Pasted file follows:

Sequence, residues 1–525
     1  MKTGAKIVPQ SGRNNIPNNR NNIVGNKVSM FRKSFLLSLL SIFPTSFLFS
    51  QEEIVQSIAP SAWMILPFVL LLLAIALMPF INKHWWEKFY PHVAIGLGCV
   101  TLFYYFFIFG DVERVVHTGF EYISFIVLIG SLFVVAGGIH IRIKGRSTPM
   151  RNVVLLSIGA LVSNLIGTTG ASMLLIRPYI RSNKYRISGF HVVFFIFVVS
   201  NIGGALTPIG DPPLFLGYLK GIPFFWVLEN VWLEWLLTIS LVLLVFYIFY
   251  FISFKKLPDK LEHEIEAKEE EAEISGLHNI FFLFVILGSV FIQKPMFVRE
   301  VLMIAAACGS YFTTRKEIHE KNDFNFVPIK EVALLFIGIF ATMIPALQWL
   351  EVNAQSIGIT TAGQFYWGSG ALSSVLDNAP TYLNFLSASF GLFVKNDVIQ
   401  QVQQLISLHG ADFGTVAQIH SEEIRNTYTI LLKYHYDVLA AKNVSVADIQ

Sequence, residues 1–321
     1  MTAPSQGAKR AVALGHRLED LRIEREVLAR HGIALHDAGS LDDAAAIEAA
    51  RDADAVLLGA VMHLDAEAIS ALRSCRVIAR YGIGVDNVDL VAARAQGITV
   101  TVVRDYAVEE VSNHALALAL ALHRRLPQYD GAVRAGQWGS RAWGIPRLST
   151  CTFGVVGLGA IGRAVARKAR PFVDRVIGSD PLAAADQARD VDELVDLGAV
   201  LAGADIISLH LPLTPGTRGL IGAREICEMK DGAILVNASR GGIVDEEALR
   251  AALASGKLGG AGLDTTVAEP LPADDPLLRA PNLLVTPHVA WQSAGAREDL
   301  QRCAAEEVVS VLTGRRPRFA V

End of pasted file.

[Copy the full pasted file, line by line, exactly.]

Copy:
Sequence, residues 1–525
     1  MKTGAKIVPQ SGRNNIPNNR NNIVGNKVSM FRKSFLLSLL SIFPTSFLFS
    51  QEEIVQSIAP SAWMILPFVL LLLAIALMPF INKHWWEKFY PHVAIGLGCV
   101  TLFYYFFIFG DVERVVHTGF EYISFIVLIG SLFVVAGGIH IRIKGRSTPM
   151  RNVVLLSIGA LVSNLIGTTG ASMLLIRPYI RSNKYRISGF HVVFFIFVVS
   201  NIGGALTPIG DPPLFLGYLK GIPFFWVLEN VWLEWLLTIS LVLLVFYIFY
   251  FISFKKLPDK LEHEIEAKEE EAEISGLHNI FFLFVILGSV FIQKPMFVRE
   301  VLMIAAACGS YFTTRKEIHE KNDFNFVPIK EVALLFIGIF ATMIPALQWL
   351  EVNAQSIGIT TAGQFYWGSG ALSSVLDNAP TYLNFLSASF GLFVKNDVIQ
   401  QVQQLISLHG ADFGTVAQIH SEEIRNTYTI LLKYHYDVLA AKNVSVADIQ

Sequence, residues 1–321
     1  MTAPSQGAKR AVALGHRLED LRIEREVLAR HGIALHDAGS LDDAAAIEAA
    51  RDADAVLLGA VMHLDAEAIS ALRSCRVIAR YGIGVDNVDL VAARAQGITV
   101  TVVRDYAVEE VSNHALALAL ALHRRLPQYD GAVRAGQWGS RAWGIPRLST
   151  CTFGVVGLGA IGRAVARKAR PFVDRVIGSD PLAAADQARD VDELVDLGAV
   201  LAGADIISLH LPLTPGTRGL IGAREICEMK DGAILVNASR GGIVDEEALR
   251  AALASGKLGG AGLDTTVAEP LPADDPLLRA PNLLVTPHVA WQSAGAREDL
   301  QRCAAEEVVS VLTGRRPRFA V